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Fatima Portugal

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NEWS
June 27, 2000 | RICHARD BOUDREAUX, TIMES STAFF WRITER
One of Roman Catholicism's most tantalizing secrets came to an anticlimactic end Monday as the Vatican unveiled a 62-line handwritten account by Lucia de Jesus dos Santos of what she saw as a 10-year-old shepherd in a pasture near Fatima, Portugal, on July 13, 1917. The text describes a radiant Virgin Mary, a flaming sword and a "Bishop dressed in White," presumed to be a pope, who leads a sad procession of priests and nuns up a mountain through a half-ruined city strewn with corpses.
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CALIFORNIA | LOCAL
February 15, 2005 | From Associated Press
Sister Lucia Marto, the last of three children who in 1917 claimed to have seen the Virgin Mary in a series of apparitions in Fatima, Portugal, has died, Portuguese media reported. She was 97. Sister Lucia, a Roman Catholic nun, had been ill for three months and died Sunday at the Convent of Carmelitas in Coimbra, 120 miles north of Lisbon, TSF radio reported, citing family sources.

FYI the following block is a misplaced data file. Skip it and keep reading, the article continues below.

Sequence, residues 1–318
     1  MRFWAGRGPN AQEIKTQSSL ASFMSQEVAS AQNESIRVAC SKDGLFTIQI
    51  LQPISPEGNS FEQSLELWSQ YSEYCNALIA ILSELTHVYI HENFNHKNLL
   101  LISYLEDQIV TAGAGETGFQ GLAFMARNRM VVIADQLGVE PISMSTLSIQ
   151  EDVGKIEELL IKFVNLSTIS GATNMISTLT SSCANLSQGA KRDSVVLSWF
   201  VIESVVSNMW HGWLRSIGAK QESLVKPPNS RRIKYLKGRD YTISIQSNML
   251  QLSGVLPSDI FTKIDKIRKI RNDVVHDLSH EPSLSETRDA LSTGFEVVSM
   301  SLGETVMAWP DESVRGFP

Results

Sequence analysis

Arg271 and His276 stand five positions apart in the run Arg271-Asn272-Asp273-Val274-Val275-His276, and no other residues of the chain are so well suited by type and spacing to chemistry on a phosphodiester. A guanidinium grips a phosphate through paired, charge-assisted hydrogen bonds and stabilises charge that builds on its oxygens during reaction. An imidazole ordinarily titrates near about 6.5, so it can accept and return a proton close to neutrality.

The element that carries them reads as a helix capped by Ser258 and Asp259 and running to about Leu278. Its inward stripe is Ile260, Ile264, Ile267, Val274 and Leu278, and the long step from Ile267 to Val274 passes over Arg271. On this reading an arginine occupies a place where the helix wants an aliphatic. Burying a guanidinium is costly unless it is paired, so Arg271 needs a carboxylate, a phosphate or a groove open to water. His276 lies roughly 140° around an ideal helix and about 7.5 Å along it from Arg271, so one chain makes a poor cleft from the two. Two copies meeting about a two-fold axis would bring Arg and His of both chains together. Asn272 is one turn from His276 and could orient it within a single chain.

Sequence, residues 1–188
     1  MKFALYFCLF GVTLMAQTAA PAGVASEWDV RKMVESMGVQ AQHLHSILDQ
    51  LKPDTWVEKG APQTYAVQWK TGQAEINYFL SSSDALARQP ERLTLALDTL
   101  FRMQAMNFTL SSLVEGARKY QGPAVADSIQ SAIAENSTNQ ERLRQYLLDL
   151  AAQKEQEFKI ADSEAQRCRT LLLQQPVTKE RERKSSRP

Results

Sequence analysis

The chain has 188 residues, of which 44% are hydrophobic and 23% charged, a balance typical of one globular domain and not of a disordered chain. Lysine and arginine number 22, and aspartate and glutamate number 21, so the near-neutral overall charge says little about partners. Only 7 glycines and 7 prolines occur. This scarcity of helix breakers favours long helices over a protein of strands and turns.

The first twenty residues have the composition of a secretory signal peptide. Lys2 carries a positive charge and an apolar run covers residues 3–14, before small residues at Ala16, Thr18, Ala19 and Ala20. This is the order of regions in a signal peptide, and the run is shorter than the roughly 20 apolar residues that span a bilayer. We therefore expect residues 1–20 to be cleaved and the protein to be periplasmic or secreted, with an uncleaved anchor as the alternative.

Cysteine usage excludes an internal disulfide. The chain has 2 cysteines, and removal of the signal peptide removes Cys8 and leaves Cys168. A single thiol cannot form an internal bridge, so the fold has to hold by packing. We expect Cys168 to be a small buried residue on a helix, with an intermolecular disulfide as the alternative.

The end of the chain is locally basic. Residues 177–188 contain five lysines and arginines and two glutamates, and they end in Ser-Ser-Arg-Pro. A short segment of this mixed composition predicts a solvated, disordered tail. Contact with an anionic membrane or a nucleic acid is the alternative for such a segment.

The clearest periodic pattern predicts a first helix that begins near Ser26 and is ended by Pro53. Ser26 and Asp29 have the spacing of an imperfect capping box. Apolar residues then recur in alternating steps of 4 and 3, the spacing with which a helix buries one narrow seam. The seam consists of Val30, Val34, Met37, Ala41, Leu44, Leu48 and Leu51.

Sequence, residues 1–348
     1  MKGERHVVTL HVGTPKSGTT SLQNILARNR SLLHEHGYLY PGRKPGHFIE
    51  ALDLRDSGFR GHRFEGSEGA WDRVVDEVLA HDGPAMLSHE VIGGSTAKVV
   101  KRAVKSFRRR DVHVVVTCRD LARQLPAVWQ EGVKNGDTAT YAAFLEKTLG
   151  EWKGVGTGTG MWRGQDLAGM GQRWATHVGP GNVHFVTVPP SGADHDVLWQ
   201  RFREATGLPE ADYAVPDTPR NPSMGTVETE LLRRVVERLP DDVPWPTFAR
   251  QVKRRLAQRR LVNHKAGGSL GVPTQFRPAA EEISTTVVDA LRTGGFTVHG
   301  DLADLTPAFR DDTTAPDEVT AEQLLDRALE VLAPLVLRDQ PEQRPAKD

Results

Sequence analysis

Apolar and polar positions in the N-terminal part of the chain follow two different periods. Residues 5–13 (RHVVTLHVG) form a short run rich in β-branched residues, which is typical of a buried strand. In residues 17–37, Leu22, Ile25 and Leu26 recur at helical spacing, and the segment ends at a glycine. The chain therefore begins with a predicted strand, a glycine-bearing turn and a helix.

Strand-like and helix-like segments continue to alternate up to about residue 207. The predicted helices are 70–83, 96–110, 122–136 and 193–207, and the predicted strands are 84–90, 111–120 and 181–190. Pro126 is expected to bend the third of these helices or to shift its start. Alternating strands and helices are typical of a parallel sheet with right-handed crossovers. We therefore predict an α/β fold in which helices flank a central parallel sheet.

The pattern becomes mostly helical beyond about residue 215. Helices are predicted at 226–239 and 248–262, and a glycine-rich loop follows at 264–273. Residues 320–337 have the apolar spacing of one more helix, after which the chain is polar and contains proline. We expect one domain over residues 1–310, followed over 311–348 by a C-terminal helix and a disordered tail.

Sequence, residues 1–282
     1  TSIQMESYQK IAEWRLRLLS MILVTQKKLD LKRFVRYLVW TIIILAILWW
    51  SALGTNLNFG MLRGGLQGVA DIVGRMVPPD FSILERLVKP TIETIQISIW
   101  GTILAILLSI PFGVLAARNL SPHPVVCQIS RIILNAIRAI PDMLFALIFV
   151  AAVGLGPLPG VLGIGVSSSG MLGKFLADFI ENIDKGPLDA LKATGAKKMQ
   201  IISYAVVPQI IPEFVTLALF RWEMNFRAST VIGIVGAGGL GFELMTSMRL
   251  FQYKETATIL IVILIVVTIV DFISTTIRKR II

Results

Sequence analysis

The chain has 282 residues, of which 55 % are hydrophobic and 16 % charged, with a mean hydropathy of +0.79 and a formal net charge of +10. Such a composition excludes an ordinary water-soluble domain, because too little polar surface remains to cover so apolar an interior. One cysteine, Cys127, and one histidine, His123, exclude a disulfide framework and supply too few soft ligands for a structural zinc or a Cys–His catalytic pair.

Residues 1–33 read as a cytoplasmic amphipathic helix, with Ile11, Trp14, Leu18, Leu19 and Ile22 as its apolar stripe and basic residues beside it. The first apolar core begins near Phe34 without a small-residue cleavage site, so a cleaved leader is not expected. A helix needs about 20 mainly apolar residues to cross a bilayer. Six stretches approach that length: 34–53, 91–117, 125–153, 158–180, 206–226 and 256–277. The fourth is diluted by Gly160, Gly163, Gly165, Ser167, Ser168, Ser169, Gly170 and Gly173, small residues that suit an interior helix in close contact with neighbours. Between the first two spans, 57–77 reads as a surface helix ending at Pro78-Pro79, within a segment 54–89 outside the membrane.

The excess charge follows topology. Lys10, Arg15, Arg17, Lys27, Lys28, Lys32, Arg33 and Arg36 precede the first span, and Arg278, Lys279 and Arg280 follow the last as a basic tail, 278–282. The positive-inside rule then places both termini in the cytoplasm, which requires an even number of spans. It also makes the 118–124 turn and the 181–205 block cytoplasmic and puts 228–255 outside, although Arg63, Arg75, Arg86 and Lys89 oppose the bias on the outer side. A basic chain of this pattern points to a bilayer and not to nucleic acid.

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CALIFORNIA | LOCAL
July 3, 1999 | Religion News Service
Pope John Paul II agreed Monday to declare blessed two of the young Portuguese shepherd children whose reports of seeing visions of the Virgin Mary have drawn many millions of pilgrims to the Shrine of Our Lady of Fatima over the last eight decades.
NEWS
June 27, 2000 | RICHARD BOUDREAUX, TIMES STAFF WRITER
One of Roman Catholicism's most tantalizing secrets came to an anticlimactic end Monday as the Vatican unveiled a 62-line handwritten account by Lucia de Jesus dos Santos of what she saw as a 10-year-old shepherd in a pasture near Fatima, Portugal, on July 13, 1917. The text describes a radiant Virgin Mary, a flaming sword and a "Bishop dressed in White," presumed to be a pope, who leads a sad procession of priests and nuns up a mountain through a half-ruined city strewn with corpses.
NEWS
May 14, 2000 | RICHARD BOUDREAUX, TIMES STAFF WRITER